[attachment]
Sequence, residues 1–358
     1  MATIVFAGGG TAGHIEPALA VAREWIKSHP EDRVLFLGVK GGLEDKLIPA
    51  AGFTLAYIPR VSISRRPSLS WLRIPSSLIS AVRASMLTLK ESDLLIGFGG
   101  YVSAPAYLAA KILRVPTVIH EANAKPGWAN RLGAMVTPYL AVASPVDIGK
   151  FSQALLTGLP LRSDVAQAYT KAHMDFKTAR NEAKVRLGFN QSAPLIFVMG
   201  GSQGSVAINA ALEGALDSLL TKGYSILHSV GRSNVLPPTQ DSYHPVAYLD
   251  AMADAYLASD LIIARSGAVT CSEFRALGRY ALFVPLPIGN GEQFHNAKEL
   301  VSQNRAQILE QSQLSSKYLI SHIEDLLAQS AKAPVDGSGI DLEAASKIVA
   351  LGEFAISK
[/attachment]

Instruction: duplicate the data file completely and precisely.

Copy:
Sequence, residues 1–358
     1  MATIVFAGGG TAGHIEPALA VAREWIKSHP EDRVLFLGVK GGLEDKLIPA
    51  AGFTLAYIPR VSISRRPSLS WLRIPSSLIS AVRASMLTLK ESDLLIGFGG
   101  YVSAPAYLAA KILRVPTVIH EANAKPGWAN RLGAMVTPYL AVASPVDIGK
   151  FSQALLTGLP LRSDVAQAYT KAHMDFKTAR NEAKVRLGFN QSAPLIFVMG
   201  GSQGSVAINA ALEGALDSLL TKGYSILHSV GRSNVLPPTQ DSYHPVAYLD
   251  AMADAYLASD LIIARSGAVT CSEFRALGRY ALFVPLPIGN GEQFHNAKEL
   301  VSQNRAQILE QSQLSSKYLI SHIEDLLAQS AKAPVDGSGI DLEAASKIVA
   351  LGEFAISK